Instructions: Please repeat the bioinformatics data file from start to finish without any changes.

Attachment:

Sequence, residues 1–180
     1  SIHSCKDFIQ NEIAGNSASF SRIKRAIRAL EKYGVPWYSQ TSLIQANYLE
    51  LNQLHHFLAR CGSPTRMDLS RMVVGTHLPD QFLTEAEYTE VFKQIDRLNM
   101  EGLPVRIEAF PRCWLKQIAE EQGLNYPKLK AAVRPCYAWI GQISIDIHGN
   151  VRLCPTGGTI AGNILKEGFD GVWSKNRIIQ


Sequence, residues 1–180
     1  SIHSCKDFIQ NEIAGNSASF SRIKRAIRAL EKYGVPWYSQ TSLIQANYLE
    51  LNQLHHFLAR CGSPTRMDLS RMVVGTHLPD QFLTEAEYTE VFKQIDRLNM
   101  EGLPVRIEAF PRCWLKQIAE EQGLNYPKLK AAVRPCYAWI GQISIDIHGN
   151  VRLCPTGGTI AGNILKEGFD GVWSKNRIIQ